Ask The Trainer #45 – Fix Those Lagging Legs (Part 2 of 2)

QUESTION (Continued From Part 1): 

Hi Chad,

I am a 41 year old woman who competes in figure competitions. I have worked really hard on trying to put some size on my legs over the past few years and while I have been able to build them up from the skinny chicken legs they were I continue to struggle on how to put on more size. For awhile I did only one leg day per week with real heavy weights. Then I switched to two leg days per week with one day being intense (for example, heavy squats and leg press) and the other day less intense (for example, lunges, step ups). On both days I do leg extensions and hamstring curls. In both instances I feel like I have not gotten the growth I want. Any suggestions?

Thank you,

ANSWER: (Continued From Part 1):

2. Increase Time Under Tension: This technique involves slowing down the cadence of your repetitions to increase the intensity and muscular tension of the exercise. Generally speaking, the more difficult you can make a set overall, the more productive it will be. This technique does exactly that!

Be forewarned this technique is NOT for the faint of heart! When done correctly it feels like a cruel form of medieval torture! This is a technique where pain tolerance is of utmost significance. How far will your mind allow your body to take the set? How much pain can you tolerate? Your answers to these 2 questions will dictate the effectiveness of this strategy.

Chad ShawDo not overdo this technique. It’s very intense. Doing multiple sets on each exercise will quickly lead to overtraining. In fact, just 1 set performed properly on each leg exercise is all you need!

For the sake of safety and avoiding injury, I would not use this technique on freestyle barbell squats. Instead, I’ve experienced the best results using it on leg presses, certain squat machines, leg extensions, and leg curls.

You’re going to perform your repetitions in a slow and controlled manner. Take 3 seconds to raise the weight, followed by a 2-second pause in the fully contracted position, then 4 seconds to lower the weight back to the starting position. Also, plan on significantly reducing the amount of weight you handle when using this technique. It will make a 500 lb. leg press feel like at least 1000 lbs!

Use a weight heavy enough to force you to reach momentary muscle failure within 12-20 reps. It’s a good idea to perform a couple of warm-up sets to prepare your muscles, joints, and also your nervous system for the coming stress.

For your first warm-up set use about 50% of the weight you plan to use on your main set. For your second warm-up set use about 70% of the weight. DO NOT work to failure on your warm-up sets. Perform just enough repetitions to get everything warm and ready to go to war for 1 brutal set!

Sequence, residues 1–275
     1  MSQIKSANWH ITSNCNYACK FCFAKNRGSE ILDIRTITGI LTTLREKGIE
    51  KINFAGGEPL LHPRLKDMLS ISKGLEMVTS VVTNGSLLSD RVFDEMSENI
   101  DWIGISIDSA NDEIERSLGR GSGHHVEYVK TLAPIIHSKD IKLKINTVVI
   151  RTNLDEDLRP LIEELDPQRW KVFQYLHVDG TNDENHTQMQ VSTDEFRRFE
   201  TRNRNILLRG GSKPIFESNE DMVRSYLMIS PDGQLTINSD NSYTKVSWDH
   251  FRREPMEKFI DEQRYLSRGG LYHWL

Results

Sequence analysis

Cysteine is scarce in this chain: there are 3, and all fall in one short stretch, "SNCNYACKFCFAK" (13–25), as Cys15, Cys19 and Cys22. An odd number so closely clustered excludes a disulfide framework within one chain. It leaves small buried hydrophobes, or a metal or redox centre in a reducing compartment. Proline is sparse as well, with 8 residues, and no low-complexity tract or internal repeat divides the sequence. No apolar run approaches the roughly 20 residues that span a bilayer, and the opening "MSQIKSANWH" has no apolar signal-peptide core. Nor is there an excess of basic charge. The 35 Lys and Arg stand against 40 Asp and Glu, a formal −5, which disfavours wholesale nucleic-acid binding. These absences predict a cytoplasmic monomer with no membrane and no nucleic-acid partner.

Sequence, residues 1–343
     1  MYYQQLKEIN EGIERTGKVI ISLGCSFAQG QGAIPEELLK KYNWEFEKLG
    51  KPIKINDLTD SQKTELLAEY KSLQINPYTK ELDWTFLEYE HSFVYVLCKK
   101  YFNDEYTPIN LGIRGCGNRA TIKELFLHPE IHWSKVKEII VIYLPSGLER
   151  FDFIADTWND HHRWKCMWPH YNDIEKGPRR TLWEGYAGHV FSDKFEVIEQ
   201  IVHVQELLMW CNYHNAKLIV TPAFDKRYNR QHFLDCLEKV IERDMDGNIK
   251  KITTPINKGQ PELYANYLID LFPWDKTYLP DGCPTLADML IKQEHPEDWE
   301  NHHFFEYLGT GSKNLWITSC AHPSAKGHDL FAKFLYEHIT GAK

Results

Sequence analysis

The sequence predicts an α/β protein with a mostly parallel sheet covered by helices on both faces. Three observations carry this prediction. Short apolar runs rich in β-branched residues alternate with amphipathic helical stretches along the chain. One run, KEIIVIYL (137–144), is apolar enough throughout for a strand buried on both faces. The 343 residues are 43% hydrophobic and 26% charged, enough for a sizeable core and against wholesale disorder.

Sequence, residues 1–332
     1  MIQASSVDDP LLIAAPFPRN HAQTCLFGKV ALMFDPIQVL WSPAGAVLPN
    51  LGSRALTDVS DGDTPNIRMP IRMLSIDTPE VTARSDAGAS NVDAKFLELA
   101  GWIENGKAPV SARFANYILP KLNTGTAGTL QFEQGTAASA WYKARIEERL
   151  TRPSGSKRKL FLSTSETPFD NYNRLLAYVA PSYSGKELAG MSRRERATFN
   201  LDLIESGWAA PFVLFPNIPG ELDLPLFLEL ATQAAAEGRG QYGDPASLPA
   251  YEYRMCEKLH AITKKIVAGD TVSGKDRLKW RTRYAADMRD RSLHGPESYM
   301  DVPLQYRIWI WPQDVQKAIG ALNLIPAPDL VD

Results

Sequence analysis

3. Incorporate Rest-Pauses: Leg muscles are so large and strong when they contract with extreme force, there’s a profound oxygen debt. In fact, total oxygen uptake by a muscle working at maximum capacity may increase up to 30 times during an intense set!

Muscle contractions can be so intense that it reduces blood flow and oxygen delivery. Therefore, more time must be allowed between reps for the vascular system to refill before the next intense muscle contraction. This is where including the rest-pause technique is beneficial.

You may overcome that diminished capacity of a muscle to engage in further effort by pausing, or “resting”, at the beginning position of an exercise for about 10 seconds. This rest-pause will allow blood to bring fuel to working muscles, as well as rid them of metabolic byproducts.

Based on my own experience, I’ve found rest-pauses can increase the productivity of almost any leg exercise, calves in particular. But, once again, for safety reasons, I would avoid using this technique on freestyle barbell squats.

Normally this 10-second rest would allow me to squeeze out at least 1 additional rep. Since this technique is very intense and adds further strain to all sub-systems within the body, I would never do more than 3 rest pauses following a primary working set.

In fact, I’ve realized my best progress by limiting myself to only 2 rest-pauses upon the completion of a set.

Just to give you an idea of a possible leg workout, here is one I’ve experienced great results with.

PLEASE NOTE: I incorporate all 3 intensity boosting techniques for each exercise listed. Even though this workout may only take about 30 minutes to complete, your legs will feel like pure jelly!

1. Body Masters Power Squat Machine – 2 warm-up sets, then 1 working set of 10-15 reps + 2 rest pauses.

2. Leg Press Machine – 2 warm-up sets, then 1 working set of 10-15 reps + 2 rest pauses.

3. Machine Leg Extensions – 1 warm-up set, then 1 working set of 12-20 reps + 2 rest pauses.

4. Machine Leg Curls – 1 warm-up set, then 1 working set of 10-15 reps + 2 rest pauses.

5. Standing Calf Raises – 1 warm-up set, then 1 working set of 12-20 reps + 3 rest pauses.

6. Toe Press – 1 working set of 12-20 reps + 3 rest pauses.

Since these techniques greatly enhance training intensity, applying them will deplete the biochemical resources in the body required for recovery and growth. They also do it much more significantly than a typical set that involves just completing an arbitrary number of reps at a faster cadence.

This being said, I would limit yourself to no more than 1 leg workout per week. For some people, biweekly leg workouts may be necessary to avoid overtraining. Either way, calves can still be trained every week because they contain more slow-twitch muscle fibers.

Slow-twitch fibers contain a greater number of mitochondria that will allow energy to be restored more quickly, and, therefore, allow them to recover faster than other muscles.

Prove ‘Em Wrong,
Chad Shaw

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